October 2, 2014

Why I Gave Up Reading & Writing Lists.


Has anyone noticed the, “30 things you must do before turning 30,” “15 tips to improving your yoga practice,” and “50 ways to get better in bed,” trend?

Self-improvement prescriptions. Like the kind your dentist gives you: 1) Floss 2) Cut soda 3) Come see me again in six months (Obama Care permitting).

Except, unlike dentists and doctors’ instructions which communicate a few tried-and-true items to remember, self-improvement lists are subjective (while sounding misleadingly authoritative), over-simplifying issues and creating more social media buzz than genuine, life-altering support.

It’s no surprise that in our digitally charged insta-info world lists are trending. I’m fighting the urge to make this article, “10 Reasons You Should Give Up Lists.”

Lists are an easy way to organize. They are quicker to both read and write, obliterate tedious transitions, encourage succinct arguments and reduce time weeding through words. Lists are essentially outlines, which appalls English majors (our hard-earned skills of “smoothing flow” can’t be obsolete!?) but satisfies the average online web surfer.

Lists are, in short, information porn.

And there’s a time and place for them: quote collections, contest winners and recipes. Lists are useful to convey simple, uncontroversial commands: 1) Stop 2) Drop 3) Roll, or to propose utility: “16 Ways to Use Apple Cider Vinegar Every Day,” or in a manifesto: “Five Reasons We Should Be Naked Right Now.”

But lists are detrimental to our self-confidence, attention spans and interpersonal relationships when they advocate a radical life shift, unsupervised personal problem-solving or anything categorically self-improve-y.

Yet self-improvement lists are understandably popular in part because they propose seemingly instant, attainable solutions: “10 Ways to Make Him Fall in Love With You Again,” or “Eight Steps to Happy.”

While self-improvement lists make difficult problems seem surmountable, they also, out of practical necessity, overgeneralize. This universalization can result in readers failing to actualize bullets based simply on individual differences.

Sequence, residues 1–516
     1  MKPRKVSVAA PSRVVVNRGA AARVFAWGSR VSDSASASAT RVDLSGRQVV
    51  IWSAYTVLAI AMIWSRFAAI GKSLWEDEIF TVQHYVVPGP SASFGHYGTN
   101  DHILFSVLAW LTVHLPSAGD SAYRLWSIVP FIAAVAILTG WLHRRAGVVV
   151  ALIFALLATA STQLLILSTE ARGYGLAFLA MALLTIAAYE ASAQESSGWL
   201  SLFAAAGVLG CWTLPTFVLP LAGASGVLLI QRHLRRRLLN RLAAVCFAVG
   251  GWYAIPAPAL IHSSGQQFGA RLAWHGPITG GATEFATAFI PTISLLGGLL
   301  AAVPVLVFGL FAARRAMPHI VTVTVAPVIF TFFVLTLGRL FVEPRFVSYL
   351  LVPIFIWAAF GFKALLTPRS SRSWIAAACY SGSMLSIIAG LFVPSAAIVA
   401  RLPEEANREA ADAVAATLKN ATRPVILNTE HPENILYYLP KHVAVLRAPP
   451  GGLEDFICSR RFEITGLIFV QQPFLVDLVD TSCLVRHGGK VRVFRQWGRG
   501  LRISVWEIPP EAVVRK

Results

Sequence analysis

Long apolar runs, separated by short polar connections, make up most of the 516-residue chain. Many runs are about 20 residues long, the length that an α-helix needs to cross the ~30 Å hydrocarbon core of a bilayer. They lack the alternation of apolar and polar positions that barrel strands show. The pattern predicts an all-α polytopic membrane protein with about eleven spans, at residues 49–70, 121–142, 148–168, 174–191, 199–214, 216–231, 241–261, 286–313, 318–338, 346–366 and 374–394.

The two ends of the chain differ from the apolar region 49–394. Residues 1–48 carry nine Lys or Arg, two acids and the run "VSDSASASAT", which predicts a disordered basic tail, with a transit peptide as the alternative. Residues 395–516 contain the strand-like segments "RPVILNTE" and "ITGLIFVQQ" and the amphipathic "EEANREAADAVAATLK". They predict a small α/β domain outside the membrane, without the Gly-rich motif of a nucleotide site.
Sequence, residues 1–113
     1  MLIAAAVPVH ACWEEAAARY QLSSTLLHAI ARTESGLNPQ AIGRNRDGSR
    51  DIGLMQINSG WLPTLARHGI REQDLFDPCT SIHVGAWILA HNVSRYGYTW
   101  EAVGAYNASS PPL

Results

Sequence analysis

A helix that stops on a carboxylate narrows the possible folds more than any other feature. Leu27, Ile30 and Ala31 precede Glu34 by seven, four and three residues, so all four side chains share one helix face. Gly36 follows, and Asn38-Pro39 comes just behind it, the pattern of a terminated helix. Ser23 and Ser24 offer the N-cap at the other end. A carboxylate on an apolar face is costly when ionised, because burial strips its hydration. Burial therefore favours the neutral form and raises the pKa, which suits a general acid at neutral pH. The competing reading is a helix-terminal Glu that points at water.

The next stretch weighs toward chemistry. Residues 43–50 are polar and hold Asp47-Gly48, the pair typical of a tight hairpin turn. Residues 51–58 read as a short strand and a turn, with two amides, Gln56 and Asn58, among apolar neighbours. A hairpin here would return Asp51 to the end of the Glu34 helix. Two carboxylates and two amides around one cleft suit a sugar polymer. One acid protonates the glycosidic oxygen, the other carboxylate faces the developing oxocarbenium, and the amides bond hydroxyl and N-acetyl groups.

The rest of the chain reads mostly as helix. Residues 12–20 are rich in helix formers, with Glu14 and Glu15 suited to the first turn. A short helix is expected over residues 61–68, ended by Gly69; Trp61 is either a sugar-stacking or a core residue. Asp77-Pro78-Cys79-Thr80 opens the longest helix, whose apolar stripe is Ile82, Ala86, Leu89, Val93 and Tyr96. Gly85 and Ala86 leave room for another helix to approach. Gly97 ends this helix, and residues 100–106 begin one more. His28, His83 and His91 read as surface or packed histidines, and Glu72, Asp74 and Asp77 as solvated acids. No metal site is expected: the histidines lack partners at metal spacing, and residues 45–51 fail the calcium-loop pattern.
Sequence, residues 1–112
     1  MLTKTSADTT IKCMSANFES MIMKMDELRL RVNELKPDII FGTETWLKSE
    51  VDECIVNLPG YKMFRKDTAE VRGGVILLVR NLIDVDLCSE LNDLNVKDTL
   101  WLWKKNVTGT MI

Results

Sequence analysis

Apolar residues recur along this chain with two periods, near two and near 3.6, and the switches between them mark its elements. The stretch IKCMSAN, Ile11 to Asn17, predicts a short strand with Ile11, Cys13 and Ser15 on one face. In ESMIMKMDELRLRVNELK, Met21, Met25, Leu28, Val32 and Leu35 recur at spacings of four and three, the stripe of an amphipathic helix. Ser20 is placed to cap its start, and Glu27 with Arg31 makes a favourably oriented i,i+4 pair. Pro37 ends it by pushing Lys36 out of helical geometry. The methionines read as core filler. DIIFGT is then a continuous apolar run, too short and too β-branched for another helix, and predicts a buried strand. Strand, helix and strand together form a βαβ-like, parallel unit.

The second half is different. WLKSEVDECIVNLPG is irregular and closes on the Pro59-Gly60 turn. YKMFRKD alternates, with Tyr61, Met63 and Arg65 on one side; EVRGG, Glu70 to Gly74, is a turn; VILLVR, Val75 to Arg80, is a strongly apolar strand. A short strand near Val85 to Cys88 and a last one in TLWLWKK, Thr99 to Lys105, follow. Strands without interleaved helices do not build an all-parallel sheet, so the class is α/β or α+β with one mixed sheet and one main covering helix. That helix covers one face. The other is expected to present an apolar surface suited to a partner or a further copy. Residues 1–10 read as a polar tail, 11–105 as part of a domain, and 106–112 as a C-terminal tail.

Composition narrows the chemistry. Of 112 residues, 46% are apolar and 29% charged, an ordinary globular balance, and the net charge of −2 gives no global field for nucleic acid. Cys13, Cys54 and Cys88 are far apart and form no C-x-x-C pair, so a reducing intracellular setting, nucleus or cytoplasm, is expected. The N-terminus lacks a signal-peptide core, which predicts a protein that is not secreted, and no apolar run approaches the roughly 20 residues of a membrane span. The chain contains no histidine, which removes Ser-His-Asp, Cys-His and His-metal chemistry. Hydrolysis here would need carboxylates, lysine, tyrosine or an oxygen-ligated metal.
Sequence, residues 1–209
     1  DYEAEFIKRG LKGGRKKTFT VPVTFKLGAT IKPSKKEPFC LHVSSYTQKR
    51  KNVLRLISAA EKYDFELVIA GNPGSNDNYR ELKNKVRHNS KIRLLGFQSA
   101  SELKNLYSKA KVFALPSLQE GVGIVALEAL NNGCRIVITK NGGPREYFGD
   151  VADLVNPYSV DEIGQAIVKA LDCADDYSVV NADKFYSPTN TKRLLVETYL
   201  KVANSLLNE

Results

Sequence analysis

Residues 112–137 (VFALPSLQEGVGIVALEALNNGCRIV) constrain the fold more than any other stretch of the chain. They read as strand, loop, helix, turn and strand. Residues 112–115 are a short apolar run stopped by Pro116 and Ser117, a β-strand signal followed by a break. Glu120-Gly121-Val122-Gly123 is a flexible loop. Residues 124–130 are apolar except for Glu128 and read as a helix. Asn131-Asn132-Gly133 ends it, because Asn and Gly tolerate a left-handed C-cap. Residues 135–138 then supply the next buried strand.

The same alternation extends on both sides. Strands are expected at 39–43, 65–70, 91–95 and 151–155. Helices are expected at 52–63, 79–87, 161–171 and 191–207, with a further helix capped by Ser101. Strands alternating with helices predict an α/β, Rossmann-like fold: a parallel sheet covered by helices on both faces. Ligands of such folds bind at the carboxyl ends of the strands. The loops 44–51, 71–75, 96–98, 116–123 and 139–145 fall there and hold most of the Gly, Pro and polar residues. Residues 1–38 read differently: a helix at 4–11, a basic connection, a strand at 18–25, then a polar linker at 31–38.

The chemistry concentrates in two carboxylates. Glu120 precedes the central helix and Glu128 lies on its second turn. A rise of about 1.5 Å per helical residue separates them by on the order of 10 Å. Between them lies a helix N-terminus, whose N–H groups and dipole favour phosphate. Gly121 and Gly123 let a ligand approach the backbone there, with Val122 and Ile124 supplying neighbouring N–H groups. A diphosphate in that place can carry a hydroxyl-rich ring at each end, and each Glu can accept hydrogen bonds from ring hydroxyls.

After enacting, “25 Attitude Shifts to Make Your Hair Bounce Like Taylor Swift’s,” or “25 Ways to Curb Your Enthusiasm,” we often find ourselves still, or back, at square one—flat haired and angry. But we got to #25?! When the quick-fix solution fails, we’re left feeling incompetent and inadequate.

Self-improvement lists then disguise their remedies as lasting solutions, sanctioning band-aiding over real healing.

These faux answers are misleading, and even dangerous. If I’m considering suicide, “25 Ways to Be Happy Again” prefaced by the picnicking model picture is useless; I need professional help. Solutions to matters of the self often can’t be found on the Internet, but rather by calling Mom and crying it out. Or writing it out. Singing it out. Sweating it out. Sexing it out.

Pick something, one thing, and get off the couch. Efforts to become our best selves require sustained strength and heart; there’s no one-size-fits-all recipe.

These lists are also deceivingly attractive because their easy-skim format condones troubleshooting our deepest darkest problems while simultaneously [insert five other tasks here].

The average Internet user peruses article titles, headings and pictures while texting, listening to music, holding a conversation, eating and working. Lists provide easy information ingestion, which makes us feel productive but actually only further scatters our minds and divides our attention.